After orientation, I was assigned to teach the image manipulation class with another agent who looked like he went to the gym far too often. We went over the course and divided the lessons between the two of us before heading home to prepare for the next day of actual instruction.

On the first day of class, we stood in front of about 25 children, ranging from four- to thirteen-year-olds, and three other agents in the room who were acting as helpers. We all went around the room introducing ourselves and my co-instructor confidently started to talk about the first lesson. And that’s when things went terribly wrong.

As he pulled up the program on the computer for the first activity, he started fumbling his words and his voice lowered to a mutter as he moved from the instructor’s computer to the instructor materials. Then, he went silent. He looked like he had no idea what he was doing. I could see the children starting to fidget in their seats. They began to whisper, which grew to talking, and then yelling. The three helpers were desperately and unsuccessfully trying to calm them down.stage fright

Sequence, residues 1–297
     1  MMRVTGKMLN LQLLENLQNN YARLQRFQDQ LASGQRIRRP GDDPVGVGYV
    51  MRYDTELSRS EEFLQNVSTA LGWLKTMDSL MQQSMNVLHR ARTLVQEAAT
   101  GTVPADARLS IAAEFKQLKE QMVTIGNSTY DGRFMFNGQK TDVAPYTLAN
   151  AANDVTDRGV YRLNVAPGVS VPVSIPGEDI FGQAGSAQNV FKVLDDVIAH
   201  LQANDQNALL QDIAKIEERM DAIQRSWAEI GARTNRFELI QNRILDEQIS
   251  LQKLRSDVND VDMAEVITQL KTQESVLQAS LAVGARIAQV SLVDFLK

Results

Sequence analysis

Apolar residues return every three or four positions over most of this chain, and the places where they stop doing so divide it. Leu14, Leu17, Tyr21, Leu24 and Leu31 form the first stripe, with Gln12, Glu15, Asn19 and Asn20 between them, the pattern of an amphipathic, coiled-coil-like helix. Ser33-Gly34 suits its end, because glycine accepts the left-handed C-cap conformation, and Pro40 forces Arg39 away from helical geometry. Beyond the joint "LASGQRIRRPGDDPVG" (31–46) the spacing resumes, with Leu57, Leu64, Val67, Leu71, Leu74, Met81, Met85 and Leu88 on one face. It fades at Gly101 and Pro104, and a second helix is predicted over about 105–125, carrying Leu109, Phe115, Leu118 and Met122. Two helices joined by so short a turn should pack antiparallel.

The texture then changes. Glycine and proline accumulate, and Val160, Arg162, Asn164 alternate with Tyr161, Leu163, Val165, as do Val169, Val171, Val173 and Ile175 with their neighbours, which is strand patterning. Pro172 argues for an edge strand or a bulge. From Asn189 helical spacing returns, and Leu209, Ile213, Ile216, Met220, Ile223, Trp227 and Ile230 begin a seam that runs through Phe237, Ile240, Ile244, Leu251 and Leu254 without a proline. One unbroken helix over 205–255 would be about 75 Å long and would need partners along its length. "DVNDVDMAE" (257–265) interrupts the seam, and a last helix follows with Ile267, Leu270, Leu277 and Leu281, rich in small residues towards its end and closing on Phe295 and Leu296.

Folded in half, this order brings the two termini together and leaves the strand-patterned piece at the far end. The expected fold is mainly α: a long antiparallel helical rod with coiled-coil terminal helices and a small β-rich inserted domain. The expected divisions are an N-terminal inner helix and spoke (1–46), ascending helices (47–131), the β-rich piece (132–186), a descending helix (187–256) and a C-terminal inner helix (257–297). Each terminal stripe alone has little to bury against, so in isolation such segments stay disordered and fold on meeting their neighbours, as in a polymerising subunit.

Instantly, I was on my feet. An intense dread came over me as I realized I had no idea what I was going to say or do. I remained motionless with everyone’s eyes on me, including my co-instructor, for what felt uncomfortably longer than the 10 milliseconds that I stood there. And then, my brain suddenly started making connections and words flowed from my mouth. I had vaguely recalled that my co-instructor’s portion involved taking pictures, so I told everyone to grab their cameras. And with that, I ended up presenting the entire two days, making up lessons for portions that weren’t mine. The kids went home happy and skilled at image manipulation, and I went home relieved it was over and pleasantly surprised at myself.